The president of the Congressional Oversight Commission, Héctor Ventura, said that if Castillo does not agree to testify by online video, he is hindering the investigation of cases of alleged corruption, which are being investigated by the legislative group.
He maintained that the former head of state refuses to testify as a witness, for which he will become under investigation and previously indicated that the required person intends to put on a media show speaking before the commission. Castillo’s lawyer, Eduardo Pachas, said his client has spoken “clear and direct” and will only testify in the Legislative Palace or, if the aforementioned commission moves to question him, in the prison for senior officials where he is serving preventive detention, but not virtually.
On the other hand, a controversy broke out over the unusual request by the National Prosecutor for a new preventive detention for Castillo, for 36 months, which in fact would replace the 18-month one he has been serving since December 7.
He was dismissed by Parliament for ordering, without being obeyed, the dissolution of Congress. The lawyer Benji Espinoza, Castillo’s former defense attorney, stated that the measure is not justified and is unnecessary, since pretrial detention serves to guarantee the presence of the person under investigation, prevent him from putting pressure on witnesses or obstructing the investigation in other ways, which is done in Castillo’s case because he is already in prison.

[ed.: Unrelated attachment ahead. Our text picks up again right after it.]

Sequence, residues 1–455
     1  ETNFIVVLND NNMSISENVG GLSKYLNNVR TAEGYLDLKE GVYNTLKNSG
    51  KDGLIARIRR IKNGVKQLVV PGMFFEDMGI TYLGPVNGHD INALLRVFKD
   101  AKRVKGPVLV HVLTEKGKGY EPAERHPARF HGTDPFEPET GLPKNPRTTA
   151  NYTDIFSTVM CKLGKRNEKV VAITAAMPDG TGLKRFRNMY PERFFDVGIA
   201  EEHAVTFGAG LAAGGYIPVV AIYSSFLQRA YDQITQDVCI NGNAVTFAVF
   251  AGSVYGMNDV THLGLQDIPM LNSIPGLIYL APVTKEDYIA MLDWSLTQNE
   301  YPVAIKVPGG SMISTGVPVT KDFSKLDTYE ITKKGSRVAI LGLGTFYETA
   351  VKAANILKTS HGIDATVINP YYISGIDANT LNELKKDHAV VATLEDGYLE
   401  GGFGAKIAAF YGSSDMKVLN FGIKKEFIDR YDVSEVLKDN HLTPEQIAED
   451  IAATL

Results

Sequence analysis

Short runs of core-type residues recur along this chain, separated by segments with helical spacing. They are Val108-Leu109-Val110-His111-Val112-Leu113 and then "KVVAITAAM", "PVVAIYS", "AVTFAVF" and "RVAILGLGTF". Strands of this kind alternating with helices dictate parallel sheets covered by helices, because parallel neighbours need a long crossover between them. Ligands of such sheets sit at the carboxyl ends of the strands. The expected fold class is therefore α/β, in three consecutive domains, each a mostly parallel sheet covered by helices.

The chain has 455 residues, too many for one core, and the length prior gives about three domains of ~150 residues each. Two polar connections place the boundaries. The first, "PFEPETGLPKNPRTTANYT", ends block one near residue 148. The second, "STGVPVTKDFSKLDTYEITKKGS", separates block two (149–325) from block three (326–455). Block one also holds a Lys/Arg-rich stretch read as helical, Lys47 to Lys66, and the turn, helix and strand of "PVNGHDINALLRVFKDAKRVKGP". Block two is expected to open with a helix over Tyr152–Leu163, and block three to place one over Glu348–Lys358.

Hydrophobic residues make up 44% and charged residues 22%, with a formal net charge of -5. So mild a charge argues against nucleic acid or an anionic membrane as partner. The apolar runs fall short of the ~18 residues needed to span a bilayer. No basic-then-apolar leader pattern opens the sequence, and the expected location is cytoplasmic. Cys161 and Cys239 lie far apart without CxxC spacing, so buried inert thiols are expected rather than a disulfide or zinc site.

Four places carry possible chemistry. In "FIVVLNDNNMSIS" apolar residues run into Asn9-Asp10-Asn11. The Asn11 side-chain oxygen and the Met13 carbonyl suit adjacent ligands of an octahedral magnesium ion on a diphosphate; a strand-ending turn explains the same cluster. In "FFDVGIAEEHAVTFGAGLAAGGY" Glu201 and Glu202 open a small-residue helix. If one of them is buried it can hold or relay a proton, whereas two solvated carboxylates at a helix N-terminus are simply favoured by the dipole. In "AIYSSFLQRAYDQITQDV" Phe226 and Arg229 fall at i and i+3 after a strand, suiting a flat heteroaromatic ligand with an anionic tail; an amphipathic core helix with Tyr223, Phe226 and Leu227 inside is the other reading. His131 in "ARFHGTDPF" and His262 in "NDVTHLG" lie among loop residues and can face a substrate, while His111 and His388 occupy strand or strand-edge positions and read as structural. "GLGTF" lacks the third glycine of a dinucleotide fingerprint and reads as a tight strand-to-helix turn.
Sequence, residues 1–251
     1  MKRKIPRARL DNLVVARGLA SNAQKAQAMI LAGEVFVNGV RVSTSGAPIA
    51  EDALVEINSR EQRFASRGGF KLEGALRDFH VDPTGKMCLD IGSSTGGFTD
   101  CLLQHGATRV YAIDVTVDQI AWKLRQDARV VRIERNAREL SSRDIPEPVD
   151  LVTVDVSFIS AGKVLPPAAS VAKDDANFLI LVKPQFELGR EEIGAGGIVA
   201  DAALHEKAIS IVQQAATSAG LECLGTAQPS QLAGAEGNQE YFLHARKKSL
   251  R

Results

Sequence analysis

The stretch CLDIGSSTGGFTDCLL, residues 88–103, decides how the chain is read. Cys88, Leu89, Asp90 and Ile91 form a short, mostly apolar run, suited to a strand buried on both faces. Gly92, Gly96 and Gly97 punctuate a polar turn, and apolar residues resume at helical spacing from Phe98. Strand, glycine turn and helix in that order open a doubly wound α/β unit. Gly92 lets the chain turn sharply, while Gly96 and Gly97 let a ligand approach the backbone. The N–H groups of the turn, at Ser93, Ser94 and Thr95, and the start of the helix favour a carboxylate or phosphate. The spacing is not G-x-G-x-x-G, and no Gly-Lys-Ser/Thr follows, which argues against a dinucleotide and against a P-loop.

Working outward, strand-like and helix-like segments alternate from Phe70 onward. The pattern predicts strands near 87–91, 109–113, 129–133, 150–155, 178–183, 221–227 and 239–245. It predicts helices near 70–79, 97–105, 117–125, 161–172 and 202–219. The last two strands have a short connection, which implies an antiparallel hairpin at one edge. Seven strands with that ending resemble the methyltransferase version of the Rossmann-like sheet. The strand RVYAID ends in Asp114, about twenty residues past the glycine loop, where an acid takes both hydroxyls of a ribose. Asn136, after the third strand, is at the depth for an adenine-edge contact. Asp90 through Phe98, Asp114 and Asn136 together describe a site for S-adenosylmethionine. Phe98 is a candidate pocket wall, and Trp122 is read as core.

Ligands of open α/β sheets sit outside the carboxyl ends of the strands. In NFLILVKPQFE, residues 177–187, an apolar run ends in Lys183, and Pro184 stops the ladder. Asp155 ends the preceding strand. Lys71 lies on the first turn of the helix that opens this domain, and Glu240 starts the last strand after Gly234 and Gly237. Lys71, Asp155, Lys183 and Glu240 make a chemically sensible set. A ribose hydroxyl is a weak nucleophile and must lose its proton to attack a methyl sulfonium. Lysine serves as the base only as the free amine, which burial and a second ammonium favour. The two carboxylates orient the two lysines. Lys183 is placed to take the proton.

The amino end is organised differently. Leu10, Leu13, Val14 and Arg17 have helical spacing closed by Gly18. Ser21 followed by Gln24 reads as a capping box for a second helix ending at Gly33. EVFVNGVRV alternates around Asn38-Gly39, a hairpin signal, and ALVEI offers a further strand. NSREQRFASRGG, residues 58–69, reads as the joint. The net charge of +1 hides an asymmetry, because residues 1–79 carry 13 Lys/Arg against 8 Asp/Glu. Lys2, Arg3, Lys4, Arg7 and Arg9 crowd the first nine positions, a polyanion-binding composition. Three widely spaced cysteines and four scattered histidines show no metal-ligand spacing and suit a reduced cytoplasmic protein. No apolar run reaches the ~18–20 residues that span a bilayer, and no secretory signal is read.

Espinoza had an outstanding performance as a lawyer for the then president, until he resigned to defend him when he announced the dissolution of Congress, something they had agreed he would not do, with which the client defrauded his record.
However, he said he maintains the position that no evidence has been presented so far that Castillo is guilty of the corruption cases being investigated.
Regarding the crime of rebellion, for which the ex-president is in prison, he asserted that it can only be committed using weapons, which he did not do, for which he only deserves a disqualification for constitutional infraction, but not a prison sentence.
Regarding Castillo’s demand, to testify in person before the Congressional Oversight Commission, he specified that he can request the transfer of the former president to Congress and question him there, but added that congressional commissions “act out of political opportunity and convenience.”